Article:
Taylor v. Union Pacific Railroad Company

Filing 127

RULING denying 88 Renewed Motion for Judgment as a Matter of Law. Signed by Chief Judge Shelly D. Dick on 7/28/2022. (EDC)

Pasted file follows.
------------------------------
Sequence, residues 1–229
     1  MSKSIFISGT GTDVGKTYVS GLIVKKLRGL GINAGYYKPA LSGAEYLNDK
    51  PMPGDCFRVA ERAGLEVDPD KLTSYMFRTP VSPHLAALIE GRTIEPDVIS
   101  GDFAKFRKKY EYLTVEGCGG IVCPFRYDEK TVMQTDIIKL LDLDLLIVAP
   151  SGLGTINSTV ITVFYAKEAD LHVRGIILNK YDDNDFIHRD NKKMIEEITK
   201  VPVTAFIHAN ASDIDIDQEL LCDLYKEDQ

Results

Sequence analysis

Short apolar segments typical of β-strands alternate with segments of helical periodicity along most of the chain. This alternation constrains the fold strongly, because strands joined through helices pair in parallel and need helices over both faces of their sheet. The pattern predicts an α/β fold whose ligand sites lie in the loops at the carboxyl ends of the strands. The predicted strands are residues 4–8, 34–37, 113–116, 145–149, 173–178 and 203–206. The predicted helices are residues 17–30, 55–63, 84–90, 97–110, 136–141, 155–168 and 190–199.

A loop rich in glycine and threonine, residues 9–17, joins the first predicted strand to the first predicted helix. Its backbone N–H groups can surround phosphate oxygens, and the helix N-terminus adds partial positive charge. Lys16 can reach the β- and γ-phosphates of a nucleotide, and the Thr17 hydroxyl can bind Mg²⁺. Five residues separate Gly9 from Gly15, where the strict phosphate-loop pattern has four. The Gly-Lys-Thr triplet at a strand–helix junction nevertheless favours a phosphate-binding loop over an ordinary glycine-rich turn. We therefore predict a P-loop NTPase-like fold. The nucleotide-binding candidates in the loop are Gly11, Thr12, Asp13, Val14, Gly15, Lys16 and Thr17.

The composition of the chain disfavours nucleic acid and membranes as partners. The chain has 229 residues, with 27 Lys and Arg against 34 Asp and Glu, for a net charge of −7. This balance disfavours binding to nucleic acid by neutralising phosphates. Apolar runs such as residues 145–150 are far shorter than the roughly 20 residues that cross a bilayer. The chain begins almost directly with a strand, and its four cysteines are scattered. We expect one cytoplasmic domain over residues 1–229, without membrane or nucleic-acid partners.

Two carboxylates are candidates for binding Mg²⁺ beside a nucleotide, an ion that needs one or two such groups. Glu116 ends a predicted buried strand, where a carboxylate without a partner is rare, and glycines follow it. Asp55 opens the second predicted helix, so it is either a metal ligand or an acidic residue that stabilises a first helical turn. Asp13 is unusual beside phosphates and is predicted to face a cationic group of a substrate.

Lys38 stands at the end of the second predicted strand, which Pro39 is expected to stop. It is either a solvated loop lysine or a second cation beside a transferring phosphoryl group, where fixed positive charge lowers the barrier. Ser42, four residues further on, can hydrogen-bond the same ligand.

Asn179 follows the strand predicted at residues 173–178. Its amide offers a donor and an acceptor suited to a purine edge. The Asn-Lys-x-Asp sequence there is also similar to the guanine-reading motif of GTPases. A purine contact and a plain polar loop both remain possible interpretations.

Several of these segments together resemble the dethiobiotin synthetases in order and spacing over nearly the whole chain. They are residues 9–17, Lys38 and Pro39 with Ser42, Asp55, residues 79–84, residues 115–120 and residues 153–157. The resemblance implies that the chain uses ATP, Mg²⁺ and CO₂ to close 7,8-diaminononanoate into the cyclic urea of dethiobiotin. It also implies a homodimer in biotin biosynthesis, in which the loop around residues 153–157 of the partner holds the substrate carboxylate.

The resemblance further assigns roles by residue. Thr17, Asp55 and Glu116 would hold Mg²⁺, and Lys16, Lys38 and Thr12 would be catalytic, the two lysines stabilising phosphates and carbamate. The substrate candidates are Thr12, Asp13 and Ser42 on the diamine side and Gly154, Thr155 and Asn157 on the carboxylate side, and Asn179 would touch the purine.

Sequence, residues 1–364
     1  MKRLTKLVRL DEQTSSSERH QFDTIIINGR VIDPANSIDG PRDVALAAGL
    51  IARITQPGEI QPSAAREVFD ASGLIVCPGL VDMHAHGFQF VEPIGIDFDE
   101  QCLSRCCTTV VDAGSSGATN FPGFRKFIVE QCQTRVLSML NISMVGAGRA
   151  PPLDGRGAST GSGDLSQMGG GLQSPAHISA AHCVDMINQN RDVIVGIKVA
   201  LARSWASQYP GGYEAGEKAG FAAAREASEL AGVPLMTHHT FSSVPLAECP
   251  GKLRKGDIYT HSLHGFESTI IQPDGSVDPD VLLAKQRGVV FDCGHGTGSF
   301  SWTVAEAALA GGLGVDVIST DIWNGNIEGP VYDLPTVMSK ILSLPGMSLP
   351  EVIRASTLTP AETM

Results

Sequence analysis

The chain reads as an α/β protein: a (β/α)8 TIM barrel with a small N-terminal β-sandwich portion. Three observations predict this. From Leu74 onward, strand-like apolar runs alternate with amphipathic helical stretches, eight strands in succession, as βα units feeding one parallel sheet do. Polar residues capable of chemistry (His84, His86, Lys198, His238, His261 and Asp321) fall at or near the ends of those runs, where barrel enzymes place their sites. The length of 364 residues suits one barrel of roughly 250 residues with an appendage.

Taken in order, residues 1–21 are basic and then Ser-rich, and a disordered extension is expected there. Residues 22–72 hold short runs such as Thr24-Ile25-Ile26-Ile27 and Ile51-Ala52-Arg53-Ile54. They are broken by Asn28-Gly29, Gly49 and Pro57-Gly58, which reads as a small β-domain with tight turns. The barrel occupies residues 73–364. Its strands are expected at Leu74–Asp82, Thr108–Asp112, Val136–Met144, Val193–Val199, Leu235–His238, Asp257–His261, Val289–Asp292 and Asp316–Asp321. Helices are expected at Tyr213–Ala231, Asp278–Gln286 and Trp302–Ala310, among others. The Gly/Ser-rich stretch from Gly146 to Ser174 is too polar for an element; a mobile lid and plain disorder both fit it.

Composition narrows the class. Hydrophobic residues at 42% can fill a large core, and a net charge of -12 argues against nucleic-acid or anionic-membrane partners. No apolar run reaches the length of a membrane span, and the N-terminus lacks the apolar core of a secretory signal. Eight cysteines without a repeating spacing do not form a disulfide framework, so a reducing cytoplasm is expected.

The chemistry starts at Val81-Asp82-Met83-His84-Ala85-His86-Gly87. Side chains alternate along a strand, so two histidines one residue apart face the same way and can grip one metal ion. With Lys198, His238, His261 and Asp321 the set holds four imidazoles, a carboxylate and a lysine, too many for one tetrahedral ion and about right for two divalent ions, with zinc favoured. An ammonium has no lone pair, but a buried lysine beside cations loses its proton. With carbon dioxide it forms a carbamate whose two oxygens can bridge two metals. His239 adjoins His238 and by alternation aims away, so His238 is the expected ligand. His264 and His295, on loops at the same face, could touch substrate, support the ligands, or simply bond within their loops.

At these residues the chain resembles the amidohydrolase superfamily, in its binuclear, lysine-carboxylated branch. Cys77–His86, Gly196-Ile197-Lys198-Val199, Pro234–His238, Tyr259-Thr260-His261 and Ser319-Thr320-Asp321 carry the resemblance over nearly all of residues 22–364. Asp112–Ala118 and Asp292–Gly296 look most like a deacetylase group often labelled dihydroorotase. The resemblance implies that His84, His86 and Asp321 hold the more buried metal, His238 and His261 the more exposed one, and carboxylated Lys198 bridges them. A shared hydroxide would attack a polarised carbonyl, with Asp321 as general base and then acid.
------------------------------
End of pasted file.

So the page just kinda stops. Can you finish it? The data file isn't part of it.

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UNITED STATES DISTRICT COURT MIDDLE DISTRICT OF LOUISIANA JOHNNY TAYLOR CIVIL ACTION VERSUS 18-1110-SDD-EWD UNION PACIFIC RAILROAD COMPANY, INC. RULING This matter is before the Court on the Renewed Motion for Judgment as a Matter of Law1 filed by Defendant, Union Pacific Railroad Company, Inc. (“Union Pacific”). Plaintiff Johnny Taylor (“Taylor”) filed an Opposition.2 For the reasons that follow, the Court finds that the Motion shall be DENIED. I. FACTUAL BACKGROUND On November 4, 2021, after a four-day trial, the jury returned a verdict in favor of Plaintiff Johnny Taylor, finding that Union Pacific terminated him in violation of the Federal Railroad Safety Act (“FRSA”).3 Union Pacific now renews the motion for judgment as a matter of law that it originally made at trial, arguing that Taylor failed to establish that his alleged protected activity was a contributing factor in his termination, as required by the law, and that Union Pacific successfully demonstrated that it would have terminated Taylor regardless of his alleged protected activity. Taylor counters that Union Pacific misrepresents the relevant legal standards applicable to his claim and that the jury’s findings were reasonable and well-supported by the evidence and the law. Having 1 Rec. Doc. No. 88. Rec. Doc. No. 97. 3 Rec. Doc. No. 73. 2 reviewed the briefs and the evidence cited by the parties, the Court is not persuaded that judgment as a matter of law is supported by the record. II. LAW AND ANALYSIS a. Judgment as a Matter of Law The Court may grant a motion for judgment as a matter of law only if it “finds that a reasonable jury would not have a legally sufficient evidentiary basis to find for the party on that issue.”4 Thus, “[a] motion for judgment as a matter of law ... in an action tried by jury is a challenge to the legal sufficiency of the evidence supporting the jury's verdict.”5 “Motions for judgment as a matter of law should be granted only if ‘the facts and inferences point so strongly and overwhelmingly in favor of one party that the Court believes that reasonable men could not arrive at a contrary verdict.’”6 “On the other hand, if ‘there is substantial evidence opposed to the motions, that is, evidence of such quality and weight that reasonable and fair-minded men in the exercise of impartial judgment might reach different conclusions, the motions should be denied.’”7 For these motions, the Court “consider[s] all of the evidence, drawing all reasonable inferences and resolving all credibility determinations in the light most favorable to the non-moving party.”8 Further, as the Fifth Circuit has explained: “We are wary of upsetting jury verdicts[.] ... It is not our charge to decide which side has the more persuasive case. For, “it is the function of the jury as the traditional finder of the facts, and not for the Court, to weigh 4 Fed. R. Civ. P. 50(a)(1). Harrington v. Harris, 118 F.3d 359, 367 (5th Cir. 1997) (quoting Hiltgen v. Sumrall, 47 F.3d 695, 699 (5th Cir. 1995)). 6 College Network, Inc. v. Moore Educ. Publishers, Inc., 378 Fed. Appx. 403, 407 (5th Cir. 2010) (quoting Brown v. Bryan Cty., 219 F.3d 450, 456 (5th Cir. 2000)). 7 College Network, 378 Fed. Appx. at 407 (quoting Brown, 219 F.3d at 456). 8 Brown, 219 F.3d at 456 (citing Rhodes v. Guiberson Oil Tools, 75 F.3d 989, 993 (5th Cir. 1996)). 5 conflicting evidence and inferences, and determine the credibility of witnesses.”9 b. Analysis Having carefully considered the matter, the Court finds that the instant Motion should be denied. Union Pacific raises several arguments, none of which in the Court’s view undermine the reasonableness of the jury’s verdict. It is useful at this juncture to set forth the elements that Taylor was bound to prove at trial to succeed on his FRSA retaliation claim. It was Taylor’s burden to demonstrate “by a preponderance of the evidence that “(1) []he engaged in protected activity; (2) the employer knew that []he engaged in the protected activity; (3) []he suffered an unfavorable personnel action; and (4) the protected activity was a contributing factor in the unfavorable action.”10 The parties agree on the applicable standard up to that point, but Union Pacific’s first argument for judgment as a matter of law calls for this Court to “follow the law of the Second, Seventh, and Eighth Circuits and . . . require Taylor to establish” an additional element or factor, namely, that Union Pacific terminated him with “a discriminatory or retaliatory motive.”11 As Taylor correctly points out,12 the issue of whether to apply this additional burden was discussed during trial with respect to the jury instructions, and the Court declined to apply the “higher” standard, following instead the law of the Third, Ninth, and Federal Circuits, which have not required FRSA plaintiffs to establish a discriminatory or retaliatory motive. As Union Pacific notes in its brief, the Fifth Circuit has not addressed the issue.13 Union 9 Roman v. W. Mfg., Inc., 691 F.3d 686, 692 (5th Cir. 2012)(internal citations omitted); see also Hickson v. Herbert, No. 13-580, 2017 WL 8793474, at *1–2 (M.D. La. Nov. 30, 2017). 10 Araujo v. New Jersey Transit Rail Operations, Inc., 708 F.3d 152, 157 (3d Cir. 2013)(quoting Allen v. Admin. Review Bd., 514 F.3d 468, 475–76 (5th Cir.2008)). 11 Rec. Doc. No. 88-1, p. 3. 12 Rec. Doc. No. 97, p. 3-4. 13 Rec. Doc. No. 88-1, p. 2. Pacific does not provide the Court with any reason (apart from its own preference) to abandon the law used to instruct the jury and, after the verdict, impose an additional burden on Taylor beyond proving his prima facie case. Secondly, Union Pacific argues that, even under the “lower” standard prescribed by the Third, Ninth and Federal Circuits and applied by the jury, Taylor did not present sufficient evidence to establish that his protected activity was a contributing factor to his termination. Specifically, Union Pacific contends that Taylor failed to show temporal proximity between his protected activity and his termination, and that the evidence at trial showed that other employees engaged in the same protected activity as Taylor but were not terminated.14 The Court disagrees. There was ample evidence introduced at trial for a reasonable jury to conclude that Taylor’s termination was close enough in time to instances of his protected activity to find causation.15 The Court also rejects Union Pacific’s argument that because other employees were not terminated for engaging in protected activity, it would be unreasonable for the jury to conclude that Taylor was. Evidence of how other employees were treated is of questionable relevance to Taylor’s claim, especially when viewing the issue in the light most favorable to Taylor, here the non-movant. Lastly, Union Pacific seeks judgment as a matter of law because it believes that it proved at trial, by clear and convincing evidence, that it would have taken the same adverse employment action against Taylor even if he had not engaged in protected activity. The jury disagreed, finding that “no,” Union Pacific did not prove such.16 At the 14 Rec. Doc. No. 88-1, p. 4. See Taylor’s brief at Rec. Doc. No. 97, p. 17 et seq and attendant citations to the trial transcript. 16 Rec. Doc. No. 73, p. 1. 15 summary judgment stage in this case, the Court rejected Union Pacific’s argument that Taylor’s refusal to sign the Performance Improvement Plan was an independent basis for terminating him and was somehow separable from his protected activity.17 At trial, Taylor argued that “the proposed PIP was itself retaliatory [and] would be used to justify his termination.”18 The jury apparently found this interpretation of the evidence more credible than the one offered by Union Pacific, and the Court will not disturb that credibility determination. Likewise, as the Court held in denying summary judgment, the railroad’s evidence that Taylor was insubordinate was subject to multiple interpretations. The jury found in favor of Taylor, and Union Pacific has not demonstrated that their finding was so manifestly wrong or unsupported by evidence that the extraordinary remedy of judgment as a matter of law is merited. Overall, the Court concludes that the jury had a legally sufficient basis to find for Taylor. Therefore, this motion must be denied. III. CONCLUSION For the above-stated reasons, Union Pacific’s Renewed Motion for Judgment as a Matter of Law19 is hereby DENIED. IT IS SO ORDERED. Baton Rouge, Louisiana, this 28th day of July, 2022. S ________________________________ SHELLY D. DICK CHIEF DISTRICT JUDGE MIDDLE DISTRICT OF LOUISIANA 17 See Rec. Doc. No. 48, p. 24. Rec. Doc. No. 97, p. 29. 19 Rec. Doc. No. 88. 18